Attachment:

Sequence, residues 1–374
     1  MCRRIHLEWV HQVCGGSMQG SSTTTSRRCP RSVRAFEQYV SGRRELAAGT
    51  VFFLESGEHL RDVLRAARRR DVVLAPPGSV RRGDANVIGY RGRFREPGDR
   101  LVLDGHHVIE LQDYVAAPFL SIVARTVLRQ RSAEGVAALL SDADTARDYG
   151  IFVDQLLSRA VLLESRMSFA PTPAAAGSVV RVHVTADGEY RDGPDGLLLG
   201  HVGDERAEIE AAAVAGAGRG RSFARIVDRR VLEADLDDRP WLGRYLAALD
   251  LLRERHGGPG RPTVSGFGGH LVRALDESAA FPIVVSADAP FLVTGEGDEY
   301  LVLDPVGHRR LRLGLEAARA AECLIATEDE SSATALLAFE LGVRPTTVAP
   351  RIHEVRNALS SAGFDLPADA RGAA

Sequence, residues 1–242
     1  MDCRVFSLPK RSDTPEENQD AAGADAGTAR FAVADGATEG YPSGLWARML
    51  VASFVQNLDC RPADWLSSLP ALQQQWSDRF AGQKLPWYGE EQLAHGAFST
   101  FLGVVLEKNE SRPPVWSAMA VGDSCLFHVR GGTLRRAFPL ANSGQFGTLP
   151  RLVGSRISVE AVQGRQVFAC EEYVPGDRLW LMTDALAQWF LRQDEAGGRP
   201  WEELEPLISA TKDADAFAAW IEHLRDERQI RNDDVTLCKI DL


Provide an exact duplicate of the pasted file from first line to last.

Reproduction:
Sequence, residues 1–374
     1  MCRRIHLEWV HQVCGGSMQG SSTTTSRRCP RSVRAFEQYV SGRRELAAGT
    51  VFFLESGEHL RDVLRAARRR DVVLAPPGSV RRGDANVIGY RGRFREPGDR
   101  LVLDGHHVIE LQDYVAAPFL SIVARTVLRQ RSAEGVAALL SDADTARDYG
   151  IFVDQLLSRA VLLESRMSFA PTPAAAGSVV RVHVTADGEY RDGPDGLLLG
   201  HVGDERAEIE AAAVAGAGRG RSFARIVDRR VLEADLDDRP WLGRYLAALD
   251  LLRERHGGPG RPTVSGFGGH LVRALDESAA FPIVVSADAP FLVTGEGDEY
   301  LVLDPVGHRR LRLGLEAARA AECLIATEDE SSATALLAFE LGVRPTTVAP
   351  RIHEVRNALS SAGFDLPADA RGAA

Sequence, residues 1–242
     1  MDCRVFSLPK RSDTPEENQD AAGADAGTAR FAVADGATEG YPSGLWARML
    51  VASFVQNLDC RPADWLSSLP ALQQQWSDRF AGQKLPWYGE EQLAHGAFST
   101  FLGVVLEKNE SRPPVWSAMA VGDSCLFHVR GGTLRRAFPL ANSGQFGTLP
   151  RLVGSRISVE AVQGRQVFAC EEYVPGDRLW LMTDALAQWF LRQDEAGGRP
   201  WEELEPLISA TKDADAFAAW IEHLRDERQI RNDDVTLCKI DL